THE DARK AFFAIR: Enough is as Good as a Feast




A Novel of Mad Passions Book 3
by Máire Claremont
Signet/The Penguin Group  (March 4, 2014)​
e-book/Mass Market Paperback  336 Pages
E-Galley provided by publisher via for review purposes.  No remuneration was exchanged and all opinions presented herein are my own unless otherwise noted


The Victorian era was full of majestic beauty and scandalous secrets—a time when corsets were the least of a woman’s restrictions, and men could kill or be killed in the name of honor……

Lady Margaret Cassidy left a life of nobility behind in Ireland, forsaking her grieving homeland to aid war-ravaged men in England. Still, she never expected a cruel turn of fate to lock her into an unwanted betrothal with one of her English patients—much less one as broken and dangerous as Viscount Powers.

Wrecked by his tragic past, Powers’ opiate-addled sanity hangs precariously in the balance, leaving him poised to destroy anyone who dares to utter the names of the wife and child he still so deeply mourns. So when he is forced to marry Margaret in exchange for freedom, he is shocked by the desire to earn her trust, her body, and—most alarming of all—her heart….

My Take!

The first half of this book was an idea wrapped in a romance, a work of art, a work of social conscience as well as fiction. The intensity which starts the book off wanes in the second half with the books becoming sentimental as the characters overcome addiction and the thick armor of pain.  In the last quarter, the story rushes to a finish, but tries to pull back to the depth of writing I saw at the beginning.

I really loved the book throughout, but I recognize that it turned to sentimentality. I feel what happened was the writer got caught up in the story of Ireland and the troubles; the terrible cost of the British arrogance, but she was writing a romance novel. The writer was going in a direction that didn’t really align with the genre and she had to bring it back around to make a romantic happy ending. It makes the issue of addiction and recovery too simple, too quick and too easy. And it couldn’t offer a solution to the troubles.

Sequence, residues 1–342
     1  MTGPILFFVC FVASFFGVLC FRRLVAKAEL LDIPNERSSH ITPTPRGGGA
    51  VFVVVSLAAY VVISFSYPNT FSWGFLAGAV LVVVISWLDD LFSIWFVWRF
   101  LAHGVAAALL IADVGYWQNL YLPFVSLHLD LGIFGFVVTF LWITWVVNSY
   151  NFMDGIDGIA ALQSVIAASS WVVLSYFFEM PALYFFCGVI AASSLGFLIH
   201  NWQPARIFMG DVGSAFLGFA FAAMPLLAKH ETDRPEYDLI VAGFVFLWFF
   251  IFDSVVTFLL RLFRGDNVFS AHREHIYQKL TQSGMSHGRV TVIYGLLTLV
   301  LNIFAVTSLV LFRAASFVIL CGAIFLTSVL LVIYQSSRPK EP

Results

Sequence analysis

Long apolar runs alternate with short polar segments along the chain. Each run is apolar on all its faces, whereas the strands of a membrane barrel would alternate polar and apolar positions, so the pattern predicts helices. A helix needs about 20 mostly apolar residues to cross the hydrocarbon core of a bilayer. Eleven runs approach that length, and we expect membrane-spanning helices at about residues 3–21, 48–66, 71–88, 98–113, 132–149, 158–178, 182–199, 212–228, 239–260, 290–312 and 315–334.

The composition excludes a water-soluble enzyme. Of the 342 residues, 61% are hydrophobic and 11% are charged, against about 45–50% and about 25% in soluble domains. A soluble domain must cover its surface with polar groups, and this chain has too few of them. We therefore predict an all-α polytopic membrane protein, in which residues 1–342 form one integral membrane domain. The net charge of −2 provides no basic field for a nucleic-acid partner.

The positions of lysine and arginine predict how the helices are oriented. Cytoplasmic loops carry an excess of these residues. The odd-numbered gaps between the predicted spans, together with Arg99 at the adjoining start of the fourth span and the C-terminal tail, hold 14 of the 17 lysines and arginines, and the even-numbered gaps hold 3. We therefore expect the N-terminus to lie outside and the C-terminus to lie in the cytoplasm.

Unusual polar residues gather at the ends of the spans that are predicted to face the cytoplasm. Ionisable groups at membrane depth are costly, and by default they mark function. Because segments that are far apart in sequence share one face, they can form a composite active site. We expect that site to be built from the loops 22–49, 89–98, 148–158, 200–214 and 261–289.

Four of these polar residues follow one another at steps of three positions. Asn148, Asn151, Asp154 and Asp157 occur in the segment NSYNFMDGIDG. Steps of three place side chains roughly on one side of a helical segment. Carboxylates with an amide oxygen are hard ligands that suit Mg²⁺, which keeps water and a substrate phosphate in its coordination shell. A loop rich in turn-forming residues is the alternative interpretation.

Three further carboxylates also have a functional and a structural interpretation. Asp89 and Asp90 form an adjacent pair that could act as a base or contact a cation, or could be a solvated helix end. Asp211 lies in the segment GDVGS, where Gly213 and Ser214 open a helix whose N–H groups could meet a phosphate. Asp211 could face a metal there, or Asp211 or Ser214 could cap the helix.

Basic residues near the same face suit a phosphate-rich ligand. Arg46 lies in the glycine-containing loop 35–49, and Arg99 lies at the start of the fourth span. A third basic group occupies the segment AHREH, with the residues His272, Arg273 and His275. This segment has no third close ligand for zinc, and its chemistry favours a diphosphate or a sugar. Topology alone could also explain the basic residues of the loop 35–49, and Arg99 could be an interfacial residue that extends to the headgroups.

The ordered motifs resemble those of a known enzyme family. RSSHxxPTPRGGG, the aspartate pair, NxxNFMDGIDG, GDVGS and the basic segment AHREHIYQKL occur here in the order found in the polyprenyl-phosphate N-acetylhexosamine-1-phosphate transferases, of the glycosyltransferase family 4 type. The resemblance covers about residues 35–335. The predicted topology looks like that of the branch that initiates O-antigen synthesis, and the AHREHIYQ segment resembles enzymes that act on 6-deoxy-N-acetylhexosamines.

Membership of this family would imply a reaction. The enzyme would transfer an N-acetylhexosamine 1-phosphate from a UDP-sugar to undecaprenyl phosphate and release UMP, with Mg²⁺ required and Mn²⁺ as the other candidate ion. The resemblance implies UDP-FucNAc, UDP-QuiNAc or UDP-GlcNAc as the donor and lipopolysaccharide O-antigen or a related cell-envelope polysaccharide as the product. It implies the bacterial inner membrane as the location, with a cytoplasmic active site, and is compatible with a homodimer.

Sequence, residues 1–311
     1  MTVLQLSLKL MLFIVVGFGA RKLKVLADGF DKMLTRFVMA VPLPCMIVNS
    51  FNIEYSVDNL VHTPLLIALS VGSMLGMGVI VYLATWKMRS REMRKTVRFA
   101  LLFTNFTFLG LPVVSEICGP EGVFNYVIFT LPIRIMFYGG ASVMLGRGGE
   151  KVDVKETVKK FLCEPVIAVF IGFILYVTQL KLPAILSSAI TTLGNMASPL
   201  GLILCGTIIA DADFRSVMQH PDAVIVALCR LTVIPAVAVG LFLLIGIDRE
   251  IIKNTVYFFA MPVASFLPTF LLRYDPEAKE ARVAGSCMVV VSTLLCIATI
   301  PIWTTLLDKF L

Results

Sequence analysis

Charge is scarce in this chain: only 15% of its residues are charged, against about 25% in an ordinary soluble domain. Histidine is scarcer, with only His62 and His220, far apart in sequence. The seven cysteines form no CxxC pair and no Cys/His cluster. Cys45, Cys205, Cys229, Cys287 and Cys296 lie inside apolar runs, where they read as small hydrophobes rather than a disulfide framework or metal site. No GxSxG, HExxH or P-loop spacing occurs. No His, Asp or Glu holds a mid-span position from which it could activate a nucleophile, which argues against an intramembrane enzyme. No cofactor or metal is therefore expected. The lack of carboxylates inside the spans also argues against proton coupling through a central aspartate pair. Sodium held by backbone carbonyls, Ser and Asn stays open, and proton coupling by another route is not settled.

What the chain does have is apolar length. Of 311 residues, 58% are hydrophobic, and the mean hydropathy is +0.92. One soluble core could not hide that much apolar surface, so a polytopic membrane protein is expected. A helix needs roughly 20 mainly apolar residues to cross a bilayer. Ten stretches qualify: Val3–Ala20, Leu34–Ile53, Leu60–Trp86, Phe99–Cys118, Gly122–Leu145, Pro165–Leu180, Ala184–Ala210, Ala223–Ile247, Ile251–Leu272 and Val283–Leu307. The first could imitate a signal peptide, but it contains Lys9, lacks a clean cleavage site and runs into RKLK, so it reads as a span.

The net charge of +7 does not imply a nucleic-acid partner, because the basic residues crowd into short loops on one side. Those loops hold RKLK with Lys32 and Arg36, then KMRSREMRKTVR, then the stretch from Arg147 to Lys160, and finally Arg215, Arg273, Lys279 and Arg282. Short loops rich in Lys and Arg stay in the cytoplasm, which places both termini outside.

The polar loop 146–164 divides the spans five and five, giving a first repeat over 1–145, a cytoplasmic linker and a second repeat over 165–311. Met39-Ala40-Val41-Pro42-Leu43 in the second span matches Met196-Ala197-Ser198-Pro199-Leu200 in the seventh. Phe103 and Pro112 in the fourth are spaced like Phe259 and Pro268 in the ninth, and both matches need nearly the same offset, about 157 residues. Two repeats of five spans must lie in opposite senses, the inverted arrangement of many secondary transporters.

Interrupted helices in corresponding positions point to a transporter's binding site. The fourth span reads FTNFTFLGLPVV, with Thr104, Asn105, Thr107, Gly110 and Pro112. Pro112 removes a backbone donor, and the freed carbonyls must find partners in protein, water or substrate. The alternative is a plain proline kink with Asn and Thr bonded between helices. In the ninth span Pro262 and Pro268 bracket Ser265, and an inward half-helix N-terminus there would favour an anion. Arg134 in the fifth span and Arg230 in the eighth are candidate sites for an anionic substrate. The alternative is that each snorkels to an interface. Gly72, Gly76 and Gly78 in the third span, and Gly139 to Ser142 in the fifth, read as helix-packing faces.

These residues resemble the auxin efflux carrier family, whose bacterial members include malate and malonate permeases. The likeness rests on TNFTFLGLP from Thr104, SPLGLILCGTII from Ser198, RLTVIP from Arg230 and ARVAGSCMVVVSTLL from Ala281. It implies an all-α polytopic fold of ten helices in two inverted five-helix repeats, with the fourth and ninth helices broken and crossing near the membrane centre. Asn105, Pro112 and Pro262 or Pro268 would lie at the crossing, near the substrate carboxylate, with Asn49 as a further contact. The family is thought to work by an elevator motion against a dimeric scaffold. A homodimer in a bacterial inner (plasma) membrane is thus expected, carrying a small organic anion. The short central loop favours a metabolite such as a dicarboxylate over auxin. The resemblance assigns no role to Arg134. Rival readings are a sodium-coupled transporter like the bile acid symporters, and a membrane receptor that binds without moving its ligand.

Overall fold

As the story began, I thought the book was a paranormal, because of James,’ the Viscount’s, confusion.  His character is so hard to like, and Margaret’s character is so  sympathetic.  He is so deep in his addiction, she is so sure she can help.  The writer puts her into a situation that is hard to understand, and hard to get out of without compromising something. The issues of Ireland are not trivialized, and the ending points out that violence would never be the solution to the problems there. I read a lot of Irish literature, Victorian through the contemporary writings of the 1970’s, and I think she has her facts well researched and really brings in the emotional price of Irish history.

There are times when the writing in this book is fantastic, it’s “literature.” And it’s too bad it was hampered by the constraints of genre; I felt the writer had something to say that just didn’t fit in a “romance novel.”

At one point the aristocrats are taken to a soup kitchen for Irish immigrants.  The lords learn how arrogant they are, despite their best intentions as  they serve the hungry people — people who realize a bowl of soup is better than what was being served in Ireland.  It brought to mind a phrase I read in a book a while back that  I like to keep in mind: Enough is as good as a feast.  Seven words with so much meaning.

I’m not saying the book is not a great read.  I enjoyed it, but I felt it had more to say that couldn’t fit into the one book, the one story. I would love to see more from her.

Weird, and it is a complete coincidence, that I read and review two books with Irish characters  in the same week as Saint Patrick’s Day? Hmmmm~

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